##### Example12.5.1Application to Recursion: Matrix Computation of the Fibonnaci Sequence

Consider the computation of terms of the Fibonnaci Sequence. Recall that \(F_0= 1, F_1= 1\) and \(F_k= F_{k-1}+F_{k-2}\) for \(k\geq 2\).

In order to formulate the calculation in matrix form, we introduced the “dummy equation” \(F_{k-1}= F_{k-1}\) so that now we have two equations \begin{equation*}\begin{array}{c} F_k= F_{k-1}+F_{k-2}\\ F_{k-1}= F_{k-1}\\ \end{array}\end{equation*} If \( A = \left( \begin{array}{cc} 1 & 1 \\ 1 & 0 \\ \end{array} \right)\), these two equations can be expressed in matrix form as \begin{equation*} \begin{split} \left( \begin{array}{c} F_k \\ F_{k-1} \\ \end{array} \right) &=\left( \begin{array}{cc} 1 & 1 \\ 1 & 0 \\ \end{array} \right)\left( \begin{array}{c} F_{k-1} \\ F_{k-2} \\ \end{array} \right) \quad\textrm{ if } k\geq 2\\ &= A \left( \begin{array}{c} F_{k-1} \\ F_{k-2} \\ \end{array} \right)\\ &= A^2\left( \begin{array}{c} F_{k-2} \\ F_{k-3} \\ \end{array} \right) \quad\textrm{ if } k\geq 3\\ & etc.\\ \end{split} \end{equation*} We can use induction to prove that if \(k\geq 2\), \[\left( \begin{array}{c} F_k \\ F_{k-1} \\ \end{array} \right)=A^{k-1} \left( \begin{array}{c} 1 \\ 1 \\ \end{array} \right)\]

Next, by diagonalizing \(A\) and using the fact that \(A^{m }= P D^m P^{-1}\). we can show that \[F_k= \frac{1}{\sqrt{5}}\left( \left(\frac{1+\sqrt{5}}{2}\right)^k- \left(\frac{1-\sqrt{5}}{2}\right)^k\right)\]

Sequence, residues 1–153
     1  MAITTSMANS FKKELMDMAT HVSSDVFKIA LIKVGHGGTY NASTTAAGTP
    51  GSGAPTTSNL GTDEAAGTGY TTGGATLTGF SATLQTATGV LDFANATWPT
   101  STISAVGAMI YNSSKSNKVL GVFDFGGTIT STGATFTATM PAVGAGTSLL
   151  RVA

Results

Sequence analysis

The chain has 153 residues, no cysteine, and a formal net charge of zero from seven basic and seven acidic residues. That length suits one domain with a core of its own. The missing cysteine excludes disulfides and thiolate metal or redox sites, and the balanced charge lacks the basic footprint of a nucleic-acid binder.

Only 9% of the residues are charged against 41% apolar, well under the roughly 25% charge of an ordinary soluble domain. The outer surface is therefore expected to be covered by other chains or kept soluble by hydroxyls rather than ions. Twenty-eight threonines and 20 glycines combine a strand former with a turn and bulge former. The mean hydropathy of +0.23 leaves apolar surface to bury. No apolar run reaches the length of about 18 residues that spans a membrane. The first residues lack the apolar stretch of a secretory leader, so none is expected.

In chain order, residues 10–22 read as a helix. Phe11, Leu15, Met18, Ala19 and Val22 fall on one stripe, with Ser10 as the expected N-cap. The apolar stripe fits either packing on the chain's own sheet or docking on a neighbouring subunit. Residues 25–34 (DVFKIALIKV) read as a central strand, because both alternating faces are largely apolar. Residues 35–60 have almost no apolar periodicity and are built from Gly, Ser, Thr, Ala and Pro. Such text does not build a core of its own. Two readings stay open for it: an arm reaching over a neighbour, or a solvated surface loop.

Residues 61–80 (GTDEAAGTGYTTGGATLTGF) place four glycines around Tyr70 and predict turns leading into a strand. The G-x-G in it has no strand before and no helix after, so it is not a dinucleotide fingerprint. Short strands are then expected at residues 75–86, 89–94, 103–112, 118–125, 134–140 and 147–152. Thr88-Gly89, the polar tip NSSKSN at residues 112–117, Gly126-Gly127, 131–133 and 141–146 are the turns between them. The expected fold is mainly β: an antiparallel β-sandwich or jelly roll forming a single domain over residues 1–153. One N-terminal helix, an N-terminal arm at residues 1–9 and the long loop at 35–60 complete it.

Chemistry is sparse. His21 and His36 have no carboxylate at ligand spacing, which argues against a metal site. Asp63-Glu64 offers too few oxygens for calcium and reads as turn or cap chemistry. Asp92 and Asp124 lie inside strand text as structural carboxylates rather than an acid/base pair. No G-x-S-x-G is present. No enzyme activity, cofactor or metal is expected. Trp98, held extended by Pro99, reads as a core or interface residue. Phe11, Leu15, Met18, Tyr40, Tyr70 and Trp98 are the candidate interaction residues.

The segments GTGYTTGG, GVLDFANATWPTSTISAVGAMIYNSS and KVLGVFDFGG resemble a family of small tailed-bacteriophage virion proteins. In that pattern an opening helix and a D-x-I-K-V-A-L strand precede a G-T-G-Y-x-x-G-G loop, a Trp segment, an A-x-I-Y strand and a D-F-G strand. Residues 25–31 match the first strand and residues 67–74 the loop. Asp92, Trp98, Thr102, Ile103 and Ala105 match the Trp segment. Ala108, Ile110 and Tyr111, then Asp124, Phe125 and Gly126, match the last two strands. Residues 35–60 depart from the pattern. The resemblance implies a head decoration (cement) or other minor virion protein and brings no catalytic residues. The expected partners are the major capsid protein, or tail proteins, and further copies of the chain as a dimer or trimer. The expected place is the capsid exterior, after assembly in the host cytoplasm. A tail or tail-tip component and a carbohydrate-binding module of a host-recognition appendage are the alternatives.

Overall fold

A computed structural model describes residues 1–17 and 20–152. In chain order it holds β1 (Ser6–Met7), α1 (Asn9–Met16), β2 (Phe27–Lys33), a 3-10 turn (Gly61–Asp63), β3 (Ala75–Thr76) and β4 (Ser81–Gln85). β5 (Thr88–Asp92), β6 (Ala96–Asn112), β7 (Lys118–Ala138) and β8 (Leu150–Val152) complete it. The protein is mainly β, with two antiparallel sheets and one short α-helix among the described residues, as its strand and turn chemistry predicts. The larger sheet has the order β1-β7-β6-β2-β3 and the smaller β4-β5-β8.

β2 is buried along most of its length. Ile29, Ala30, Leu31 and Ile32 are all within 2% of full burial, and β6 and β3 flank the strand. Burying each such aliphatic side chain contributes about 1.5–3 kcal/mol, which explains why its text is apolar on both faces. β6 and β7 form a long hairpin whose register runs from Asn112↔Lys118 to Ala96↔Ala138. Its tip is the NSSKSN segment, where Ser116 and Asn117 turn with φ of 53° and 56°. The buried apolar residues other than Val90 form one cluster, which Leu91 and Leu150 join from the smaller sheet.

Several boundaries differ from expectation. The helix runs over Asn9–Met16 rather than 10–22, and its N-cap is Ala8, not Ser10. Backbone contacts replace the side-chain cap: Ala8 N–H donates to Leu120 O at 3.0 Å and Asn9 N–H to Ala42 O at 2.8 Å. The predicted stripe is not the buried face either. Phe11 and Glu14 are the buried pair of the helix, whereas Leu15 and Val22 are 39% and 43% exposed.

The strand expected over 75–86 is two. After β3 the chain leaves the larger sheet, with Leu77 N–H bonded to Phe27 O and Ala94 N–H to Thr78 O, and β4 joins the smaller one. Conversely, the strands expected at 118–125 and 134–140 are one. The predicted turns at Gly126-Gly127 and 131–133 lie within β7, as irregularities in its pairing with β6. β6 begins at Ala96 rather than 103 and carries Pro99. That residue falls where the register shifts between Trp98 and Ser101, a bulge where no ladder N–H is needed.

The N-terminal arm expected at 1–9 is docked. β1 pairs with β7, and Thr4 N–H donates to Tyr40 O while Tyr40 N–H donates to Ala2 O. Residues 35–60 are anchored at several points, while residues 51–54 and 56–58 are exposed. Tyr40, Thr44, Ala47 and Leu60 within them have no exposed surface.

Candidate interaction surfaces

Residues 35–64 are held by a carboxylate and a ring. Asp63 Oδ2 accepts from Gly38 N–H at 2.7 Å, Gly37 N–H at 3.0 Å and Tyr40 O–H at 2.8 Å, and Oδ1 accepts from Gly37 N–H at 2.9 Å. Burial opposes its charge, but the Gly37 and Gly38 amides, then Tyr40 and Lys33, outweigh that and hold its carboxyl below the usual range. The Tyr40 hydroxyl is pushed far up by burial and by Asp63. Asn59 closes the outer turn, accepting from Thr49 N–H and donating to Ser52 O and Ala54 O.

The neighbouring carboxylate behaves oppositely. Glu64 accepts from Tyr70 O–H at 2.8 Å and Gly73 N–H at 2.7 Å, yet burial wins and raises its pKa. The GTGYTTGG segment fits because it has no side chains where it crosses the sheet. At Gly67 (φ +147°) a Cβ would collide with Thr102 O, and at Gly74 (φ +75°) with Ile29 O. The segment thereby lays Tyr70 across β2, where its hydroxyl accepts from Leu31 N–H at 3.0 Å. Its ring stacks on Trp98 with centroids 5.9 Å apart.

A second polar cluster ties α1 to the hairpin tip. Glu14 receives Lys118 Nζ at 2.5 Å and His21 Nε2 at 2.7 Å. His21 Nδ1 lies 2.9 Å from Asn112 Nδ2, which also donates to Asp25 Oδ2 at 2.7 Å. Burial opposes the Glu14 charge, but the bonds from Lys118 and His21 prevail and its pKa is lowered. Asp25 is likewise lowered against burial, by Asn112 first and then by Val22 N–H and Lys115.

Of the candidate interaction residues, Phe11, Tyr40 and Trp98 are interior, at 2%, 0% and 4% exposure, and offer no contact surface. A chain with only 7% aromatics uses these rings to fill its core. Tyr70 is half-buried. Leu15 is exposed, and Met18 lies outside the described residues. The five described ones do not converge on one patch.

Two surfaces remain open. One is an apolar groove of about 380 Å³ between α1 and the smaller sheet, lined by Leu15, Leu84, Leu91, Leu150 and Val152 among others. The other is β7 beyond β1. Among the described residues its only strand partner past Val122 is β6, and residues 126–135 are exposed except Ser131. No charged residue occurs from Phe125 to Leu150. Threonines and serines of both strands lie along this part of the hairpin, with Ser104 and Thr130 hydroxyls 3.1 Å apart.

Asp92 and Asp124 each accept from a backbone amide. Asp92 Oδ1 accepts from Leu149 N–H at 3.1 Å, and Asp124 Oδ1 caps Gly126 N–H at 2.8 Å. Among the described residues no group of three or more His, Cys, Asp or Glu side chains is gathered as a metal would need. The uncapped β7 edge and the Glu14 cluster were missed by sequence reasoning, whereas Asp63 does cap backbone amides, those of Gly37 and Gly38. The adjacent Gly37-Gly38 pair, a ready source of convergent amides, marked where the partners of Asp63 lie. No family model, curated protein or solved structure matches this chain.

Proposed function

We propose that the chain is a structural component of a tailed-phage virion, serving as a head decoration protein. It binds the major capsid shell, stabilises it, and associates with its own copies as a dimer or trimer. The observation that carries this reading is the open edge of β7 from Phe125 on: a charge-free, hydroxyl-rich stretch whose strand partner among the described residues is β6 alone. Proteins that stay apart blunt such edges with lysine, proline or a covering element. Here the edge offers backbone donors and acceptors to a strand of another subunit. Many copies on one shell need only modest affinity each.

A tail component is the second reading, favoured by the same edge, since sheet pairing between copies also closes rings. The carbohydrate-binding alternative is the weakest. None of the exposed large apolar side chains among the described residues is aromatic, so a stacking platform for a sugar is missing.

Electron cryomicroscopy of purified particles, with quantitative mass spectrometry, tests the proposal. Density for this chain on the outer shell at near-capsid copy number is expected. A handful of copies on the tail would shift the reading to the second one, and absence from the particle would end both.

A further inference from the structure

Some comments on this example:

An equation of the form \(F_k = a F_{k-1} + b F_{k-2}\) , where \(a\) and \(b\) are given constants, is referred to as a linear homogeneous second-order difference equation. The conditions \(F_0=c_0\) and \(F_1= c_1\) , where \(c_1\) and \(c_2\) are constants, are called initial conditions. Those of you who are familiar with differential equations may recognize that this language parallels what is used in differential equations. Difference (aka recurrence) equations move forward discretely; that is, in a finite number of positive steps. On the other hand, a differential equation moves continuously; that is, takes an infinite number of infinitesimal steps.

A recurrence relationship of the form \(S_k = a S_{k-1} + b\), where \(a\) and \(b\) are constants, is called a first-order difference equation. In order to write out the sequence, we need to know one initial condition. Equations of this type can be solved similarly to the method outlined in the example by introducing the superfluous equation \(1 =0\cdot F_{k-1}+1\) to obtain in matrix equation: \[\left( \begin{array}{c} F_k \\ 1 \\ \end{array} \right)=\left( \begin{array}{cc} a & b \\ 0 & 1 \\ \end{array} \right)\left( \begin{array}{c} S_{k-1} \\ 1 \\ \end{array} \right)\textrm{ }\Rightarrow \left( \begin{array}{c} F_k \\ 1 \\ \end{array} \right)=\left( \begin{array}{cc} a & b \\ 0 & 1 \\ \end{array} \right)^k\left( \begin{array}{c} F_0 \\ 1 \\ \end{array} \right)\]